Pneumonia still a major cause of mortality in Indian children

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Many children lack access to the Pneumococcal Conjugate Vaccine

 New Delhi, 30 November 2017: About 20 children die every hour due to pneumonia in India, reveal recent statistics. Despite efforts being made toward universal immunization, more than 25 million children in India were not immunized with Pneumococcal Conjugate Vaccine (PCV) in 2016.Pneumonia claims more lives in children around the world than any other infectious disease. A majority of those who die are from low and middle-income countries. If this continues, the disease is likely to claim 22,587 lives 2030.

Pneumonia is an acute respiratory infection which affects the lungs. It causes difficulty in breathing and limits oxygen intake. It can be caused by bacteria, fungi or viruses and is a contagious disease.

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Speaking about this, Padma Shri Awardee Dr K K Aggarwal, National President Indian Medical Association (IMA) and President Heart Care Foundation of India (HCFI) and Dr RN Tandon – Honorary Secretary General IMA in a joint statement, said, “Pneumonia in India in children under five is caused by malnutrition, low birth weight, non-exclusive breastfeeding, lack of measles immunization, indoor air pollution and overcrowding. When the germs reach the lungs, the lungs become inflamed and fill up with fluid. This causes breathing difficulties, which makes it difficult for enough oxygen to enter the bloodstream. The body’s cells can’t function as they normally would, and infection can’t be flushed from the body. If untreated, the infection may continue to spread, leading to death. Certain children whose immune defenses or lungs are weakened by other illnesses, such as cystic fibrosis, abnormalities in the immune system or cancer (as well as by the chemotherapy used to treat cancer), may be more likely to develop pneumonia. Children whose airways or lungs are abnormal in other ways may have a higher risk.”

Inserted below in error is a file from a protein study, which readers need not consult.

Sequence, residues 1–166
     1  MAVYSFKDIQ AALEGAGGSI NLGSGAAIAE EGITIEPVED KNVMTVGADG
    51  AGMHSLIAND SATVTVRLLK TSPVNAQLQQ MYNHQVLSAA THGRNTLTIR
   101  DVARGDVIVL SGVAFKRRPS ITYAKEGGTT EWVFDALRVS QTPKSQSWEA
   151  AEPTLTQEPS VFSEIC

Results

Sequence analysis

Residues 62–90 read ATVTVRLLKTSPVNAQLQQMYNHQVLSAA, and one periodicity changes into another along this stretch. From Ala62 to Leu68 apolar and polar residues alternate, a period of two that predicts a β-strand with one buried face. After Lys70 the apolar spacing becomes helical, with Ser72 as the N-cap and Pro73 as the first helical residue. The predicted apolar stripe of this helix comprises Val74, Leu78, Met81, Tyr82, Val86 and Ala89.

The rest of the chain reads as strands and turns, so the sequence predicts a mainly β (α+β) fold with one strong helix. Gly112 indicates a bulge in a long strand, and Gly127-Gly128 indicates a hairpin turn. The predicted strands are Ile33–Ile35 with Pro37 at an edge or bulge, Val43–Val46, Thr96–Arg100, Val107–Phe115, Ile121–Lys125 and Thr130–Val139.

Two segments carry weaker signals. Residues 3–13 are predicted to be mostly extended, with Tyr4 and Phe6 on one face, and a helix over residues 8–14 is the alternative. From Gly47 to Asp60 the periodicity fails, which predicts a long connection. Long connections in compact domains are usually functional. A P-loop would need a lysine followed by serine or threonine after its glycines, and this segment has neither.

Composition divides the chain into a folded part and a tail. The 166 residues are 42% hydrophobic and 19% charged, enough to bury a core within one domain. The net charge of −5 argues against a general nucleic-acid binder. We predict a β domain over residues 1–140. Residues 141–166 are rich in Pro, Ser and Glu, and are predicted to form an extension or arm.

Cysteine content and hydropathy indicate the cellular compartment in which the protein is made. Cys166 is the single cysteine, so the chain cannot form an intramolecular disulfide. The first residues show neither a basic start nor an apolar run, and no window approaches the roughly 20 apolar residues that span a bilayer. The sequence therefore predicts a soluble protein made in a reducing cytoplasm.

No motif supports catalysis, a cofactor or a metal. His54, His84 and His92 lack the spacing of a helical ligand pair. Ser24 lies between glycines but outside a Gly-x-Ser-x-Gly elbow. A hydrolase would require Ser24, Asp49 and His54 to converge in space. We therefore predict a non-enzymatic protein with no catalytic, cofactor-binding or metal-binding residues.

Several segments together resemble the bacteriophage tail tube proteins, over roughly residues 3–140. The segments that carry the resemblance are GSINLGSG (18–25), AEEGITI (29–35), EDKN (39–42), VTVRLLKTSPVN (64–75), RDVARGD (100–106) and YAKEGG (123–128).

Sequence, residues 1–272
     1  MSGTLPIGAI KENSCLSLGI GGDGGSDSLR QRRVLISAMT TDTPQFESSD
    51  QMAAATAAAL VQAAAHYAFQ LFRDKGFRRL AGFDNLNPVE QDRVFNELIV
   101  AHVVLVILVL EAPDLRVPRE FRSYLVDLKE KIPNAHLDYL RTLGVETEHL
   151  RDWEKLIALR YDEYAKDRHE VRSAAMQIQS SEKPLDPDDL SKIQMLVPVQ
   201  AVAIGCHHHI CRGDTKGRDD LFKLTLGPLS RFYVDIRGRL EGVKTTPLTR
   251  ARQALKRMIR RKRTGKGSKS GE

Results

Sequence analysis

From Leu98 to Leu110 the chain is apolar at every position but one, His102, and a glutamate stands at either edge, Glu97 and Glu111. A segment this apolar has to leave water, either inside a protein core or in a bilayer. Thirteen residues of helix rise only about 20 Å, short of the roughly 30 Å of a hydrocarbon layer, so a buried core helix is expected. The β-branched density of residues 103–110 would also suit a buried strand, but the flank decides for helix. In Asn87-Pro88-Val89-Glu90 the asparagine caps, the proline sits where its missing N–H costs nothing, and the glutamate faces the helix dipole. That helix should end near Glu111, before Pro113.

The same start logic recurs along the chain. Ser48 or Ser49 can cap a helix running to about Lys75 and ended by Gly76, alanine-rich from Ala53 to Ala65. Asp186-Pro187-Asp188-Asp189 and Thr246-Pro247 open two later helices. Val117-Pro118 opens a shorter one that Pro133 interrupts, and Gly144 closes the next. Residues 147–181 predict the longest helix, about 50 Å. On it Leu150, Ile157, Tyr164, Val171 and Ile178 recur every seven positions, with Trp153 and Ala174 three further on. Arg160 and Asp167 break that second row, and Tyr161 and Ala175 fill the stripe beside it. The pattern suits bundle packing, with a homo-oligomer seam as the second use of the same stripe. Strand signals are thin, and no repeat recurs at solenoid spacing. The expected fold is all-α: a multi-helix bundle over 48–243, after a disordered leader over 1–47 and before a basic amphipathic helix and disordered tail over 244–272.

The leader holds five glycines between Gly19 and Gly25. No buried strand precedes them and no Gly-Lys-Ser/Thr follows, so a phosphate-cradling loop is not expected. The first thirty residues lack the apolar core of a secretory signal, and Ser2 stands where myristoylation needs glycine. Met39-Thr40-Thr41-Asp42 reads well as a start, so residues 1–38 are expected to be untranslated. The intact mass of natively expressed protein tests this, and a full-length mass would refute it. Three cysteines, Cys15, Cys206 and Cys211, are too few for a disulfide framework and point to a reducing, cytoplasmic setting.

Pneumonia usually produces a fever, which in turn may cause sweating, chills, flushed skin, and general discomfort. Children can lose their appetite and seem less energetic than normal. Babies and toddlers may seem pale and limp, and cry more than usual.

Adding further, Dr Aggarwal, said, “Pneumonia can be treated with antibiotics. A large majority of the cases can be tackled at home itself. Hospitalization is recommended only in very severe cases. Pneumonia is not contagious, but the upper respiratory viruses and bacteria that lead to it are. It is a good idea to keep kids away from anyone with stuffy or runny nose, sore throat, cough, or respiratory infection in general”.

Here are some tips to prevent pneumonia in children.

  • Breastfeed regularly as it is a great way to boost immunity.
  • Wash hands frequently with alcohol based sanitizer every time you blow your nose, use bathroom and before eating and preparation of food.
  • Children younger than 5 should be vaccinated against pneumococcal pneumonia a common form of bacterial pneumonia.
  • Keep children away from people suffering from colds, flu or other respiratory infections. This greatly increases their risk of catching an infection.

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